I was asked to produce a family portrait for a ‘landmark birthday’ (hey, it’s not my place to divulge!) and as the conversation continued, we discussed their love of Laos textiles, a recent discovery for the family on their travels.

After some research the geometric design of many textile examples lent itself to the framing and linking of little portraits, showing the other family members.  Working through the roughs you can see it took me a few iterations to fix on the simplest idea, of one larger overall frame for the main portrait:

40th birthday - roughs01

40th birthday - roughs02


Working from family photos, I started with the portraits in brown coloured pencil:

Progress before colour
Prior to applying colour

Rough colour overlay on final drawing
Digital colour













After some tests I abandoned my original intention of using inked patterns – in a different piece it would have been great, but the way things had transpired I felt it would overwhelm the delicate pencil portraits. I reckon I made the right choice. See what you think!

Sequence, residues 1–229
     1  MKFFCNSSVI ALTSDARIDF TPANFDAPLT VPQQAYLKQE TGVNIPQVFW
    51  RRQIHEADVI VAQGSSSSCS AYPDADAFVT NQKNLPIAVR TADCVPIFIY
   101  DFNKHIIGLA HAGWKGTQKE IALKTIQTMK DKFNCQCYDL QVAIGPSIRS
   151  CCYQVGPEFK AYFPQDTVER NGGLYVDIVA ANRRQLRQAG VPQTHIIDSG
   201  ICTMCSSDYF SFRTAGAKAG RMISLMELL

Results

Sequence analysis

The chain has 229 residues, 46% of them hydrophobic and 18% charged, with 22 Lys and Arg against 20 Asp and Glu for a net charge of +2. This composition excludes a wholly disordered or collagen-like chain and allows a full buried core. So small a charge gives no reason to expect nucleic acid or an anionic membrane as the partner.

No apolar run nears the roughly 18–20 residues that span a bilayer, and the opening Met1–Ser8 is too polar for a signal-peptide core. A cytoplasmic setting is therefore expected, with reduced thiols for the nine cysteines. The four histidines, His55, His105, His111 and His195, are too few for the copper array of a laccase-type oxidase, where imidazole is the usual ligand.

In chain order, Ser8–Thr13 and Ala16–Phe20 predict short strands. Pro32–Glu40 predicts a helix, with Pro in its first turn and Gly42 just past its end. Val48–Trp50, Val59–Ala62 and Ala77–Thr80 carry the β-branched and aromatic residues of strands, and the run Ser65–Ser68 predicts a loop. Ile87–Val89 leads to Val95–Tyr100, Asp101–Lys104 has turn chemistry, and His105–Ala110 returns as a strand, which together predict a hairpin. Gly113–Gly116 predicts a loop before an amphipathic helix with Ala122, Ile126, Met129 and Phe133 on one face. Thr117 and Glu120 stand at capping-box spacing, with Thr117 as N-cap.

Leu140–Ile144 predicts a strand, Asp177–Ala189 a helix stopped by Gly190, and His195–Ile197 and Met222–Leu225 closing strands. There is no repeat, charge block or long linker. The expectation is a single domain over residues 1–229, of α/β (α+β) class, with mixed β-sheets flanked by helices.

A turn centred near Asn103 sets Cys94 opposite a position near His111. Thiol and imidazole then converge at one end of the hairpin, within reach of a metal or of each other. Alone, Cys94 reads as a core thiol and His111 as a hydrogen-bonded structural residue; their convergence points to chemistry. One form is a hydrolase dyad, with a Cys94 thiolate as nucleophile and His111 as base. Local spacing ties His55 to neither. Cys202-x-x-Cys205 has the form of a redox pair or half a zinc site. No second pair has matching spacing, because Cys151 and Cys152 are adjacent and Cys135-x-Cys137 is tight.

Family portrait - coloured pencil
Family portrait – coloured pencil




It’s all I have to bring today

This is a recently completed private commission – a lovely piece to have been asked to do, and to have worked on.  The poem seems immediately quite simple and light, but of course speaks volumes.  As it followed on from ‘Silver’ I was in more of a calligraphy-based mindset, but I had to try and come up with something that had a timeless quality, and retained the lightness; and I thought a more modern, illustrative interpretation.  I decided the poem text should be overlaid, but this was after some wrangling over a purely text-based piece, or some kind of hybrid.  I had a fairly clear idea of what I wanted to get to, but as ever the challenge is articulating that…